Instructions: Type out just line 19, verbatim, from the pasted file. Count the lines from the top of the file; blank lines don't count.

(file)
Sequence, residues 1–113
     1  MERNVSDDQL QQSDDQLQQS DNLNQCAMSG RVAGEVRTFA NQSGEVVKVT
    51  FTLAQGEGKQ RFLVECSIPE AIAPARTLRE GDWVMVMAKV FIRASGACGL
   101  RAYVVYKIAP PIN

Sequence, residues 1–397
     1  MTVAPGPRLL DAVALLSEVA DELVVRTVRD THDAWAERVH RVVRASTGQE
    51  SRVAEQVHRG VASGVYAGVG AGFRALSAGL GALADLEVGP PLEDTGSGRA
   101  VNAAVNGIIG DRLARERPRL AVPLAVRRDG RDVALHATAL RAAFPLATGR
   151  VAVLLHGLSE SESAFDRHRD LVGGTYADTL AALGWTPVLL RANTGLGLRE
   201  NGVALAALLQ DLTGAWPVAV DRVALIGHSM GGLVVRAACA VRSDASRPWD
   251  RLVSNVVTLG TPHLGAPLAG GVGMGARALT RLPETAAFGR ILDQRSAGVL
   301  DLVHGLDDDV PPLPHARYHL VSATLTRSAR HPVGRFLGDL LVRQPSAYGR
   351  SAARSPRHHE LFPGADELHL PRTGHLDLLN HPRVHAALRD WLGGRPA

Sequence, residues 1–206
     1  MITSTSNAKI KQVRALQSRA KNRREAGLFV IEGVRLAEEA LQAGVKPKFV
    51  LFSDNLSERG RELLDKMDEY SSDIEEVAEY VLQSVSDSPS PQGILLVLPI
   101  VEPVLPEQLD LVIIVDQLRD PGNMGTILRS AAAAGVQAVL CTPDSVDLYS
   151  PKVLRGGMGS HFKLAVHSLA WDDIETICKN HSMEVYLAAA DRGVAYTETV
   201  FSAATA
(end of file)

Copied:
   201  FSAATA